He wasn’t in his room so we left our rather large umbrella just inside the door (it was pouring outside) and went to look for him.

“He’s probably in the dining room,”  I say as we walk  back the way we came, past the elevators,  past the picture window with the two wing-back arm chairs and Chippendale table  where the lady is  nodding in her wheelchair.  We follow  the stream of people coming and going into the dining hall.   

I glance around the room, from table to table.  Thankfully there were no tables occupied by just one person.  Everyone has a friend with which to share a meal.  What if I don’t recognize him?   It’s been two years since I last visited–no four. What if I confuse someone else for my uncle–how embarrassing, I think.

But then I see him, unmistakably Cecil–a Mace–my family.  

We make our way over to his table.   I’m carrying the Easter bag filled with Little Debbie Cakes and Cadbury Eggs.   My cousin, who visits him weekly,  has told me what he likes.  I stand by his side.   He looks up at me.  I know he doesn’t recognize me.

“Hi Cecil,” I say.  “I’m Glenda, Wesley’s daughter.”   His eyes are tired but he takes it in.   After a moment or two he says, “I almost didn’t recognize you.”   

“I know,”  I say.   “We’ve come to see you and have brought you some  treats.”   

He smiles.   

There are two empty seats at the table.    “May we sit down?” I ask.

“Yes,” he says and waves his hands (once rough and calloused, now pale and soft) at the empty seats.   He was a roofer and contractor.   

We introduce ourselves to the man, John,  sitting across the table from my uncle.  We sit down.

“We’ve brought you some treats,”  I say and place the Easter bag on the table.   

“Thank you,” he says.   “We’ll open them in my room.”   

“OK,”  I say.   

An attendant shows up at his side.   “You are ringing?”  He asks.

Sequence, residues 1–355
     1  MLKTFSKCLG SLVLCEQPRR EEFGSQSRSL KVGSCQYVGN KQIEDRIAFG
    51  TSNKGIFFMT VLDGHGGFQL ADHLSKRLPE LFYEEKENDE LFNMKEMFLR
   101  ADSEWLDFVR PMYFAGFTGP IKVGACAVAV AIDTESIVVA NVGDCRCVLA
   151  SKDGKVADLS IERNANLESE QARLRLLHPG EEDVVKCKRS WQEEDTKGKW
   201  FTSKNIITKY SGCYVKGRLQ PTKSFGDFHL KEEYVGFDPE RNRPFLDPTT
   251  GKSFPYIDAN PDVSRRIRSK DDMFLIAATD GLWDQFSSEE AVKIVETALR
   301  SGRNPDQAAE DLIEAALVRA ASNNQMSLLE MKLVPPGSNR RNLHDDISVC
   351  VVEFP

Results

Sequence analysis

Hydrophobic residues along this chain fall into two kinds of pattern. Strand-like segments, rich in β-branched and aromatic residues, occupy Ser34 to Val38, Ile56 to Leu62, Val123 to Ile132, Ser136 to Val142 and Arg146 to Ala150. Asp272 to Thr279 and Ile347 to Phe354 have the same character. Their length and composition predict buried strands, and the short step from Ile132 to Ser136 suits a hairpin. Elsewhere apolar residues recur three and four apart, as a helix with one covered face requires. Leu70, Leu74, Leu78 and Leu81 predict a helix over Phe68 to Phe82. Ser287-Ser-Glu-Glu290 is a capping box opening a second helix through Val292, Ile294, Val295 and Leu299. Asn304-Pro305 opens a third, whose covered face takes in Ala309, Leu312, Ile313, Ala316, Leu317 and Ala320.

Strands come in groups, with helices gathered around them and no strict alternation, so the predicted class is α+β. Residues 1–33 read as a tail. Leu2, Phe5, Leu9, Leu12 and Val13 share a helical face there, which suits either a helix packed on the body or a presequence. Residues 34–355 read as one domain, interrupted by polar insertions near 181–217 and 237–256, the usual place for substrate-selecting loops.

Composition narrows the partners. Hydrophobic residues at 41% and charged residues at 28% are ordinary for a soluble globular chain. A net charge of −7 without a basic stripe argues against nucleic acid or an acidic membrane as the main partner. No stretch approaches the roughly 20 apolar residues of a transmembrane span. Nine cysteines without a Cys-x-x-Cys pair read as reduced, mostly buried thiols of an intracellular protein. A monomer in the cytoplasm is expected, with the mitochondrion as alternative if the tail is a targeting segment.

“No,” he says.

“Yes, you are,”  the attendant says as he checks the wrist-watch like gadget on my uncle’s wrist. “Did you want to go back to your room.”  

“Oh, yes.  That’s right,” he says.

I tell the attendant that we can take him.    We say goodbye to John.   As we are leaving the dessert cart is rolled out.  

“Do you want to stay for dessert?”   I ask.

“No,” he says.  “I have cake in my room.”   

I push him out of the dining hall,  past the elevators,  past the picture window with the two wing-back arm chairs and Chippendale  table where the lady is asleep  in her wheelchair–an empty coffee cup has rolled from her lap to the floor.     Cecil directs us.

We arrive at his room.  He spies our umbrella.   “Someone has left an umbrella here,” he says.

“Yes, it was us.   We came here first looking for you and left our umbrella.”   

We help him into his Lazy-boy recliner.   The room has a little kitchen and a bedroom/sitting room combined.  We see a bathroom through an open door.   I recognize the furniture–taken from his house where he lived with my aunt, Mazzie for 50 or more years: the Duncan Phyfe dining room table, the drop leaves down; the upholstered dining room chairs, the Queen Anne end-tables, the crocheted, white doilies.   I can almost hear her voice–the sweet timbre of Virginia highlands.   

The window sill is full of frame pictures:  Cecil in his WWII Army uniform,  a family portrait of Cecil, Mazzie and their son, Michael (who died– not yet 18 years old–a hunting accident),  grandparents and great-grandparents, his and mine too–a march through time–much of which I remember, first hand.

“Sit down,” he says and points to the other recliner.   “There’s another chair by the table,” he says.  “Or you can sit on my bed.”    

We get comfortable.   

“I’m 96 now,”  Cecil says.

“A youngster,”  I say.  

He smiles.   We smile.   We plunge into memories, my 65 years worth, his 96 years worth–many overlapping.


© Glenda Kotchish

March 14, 2016

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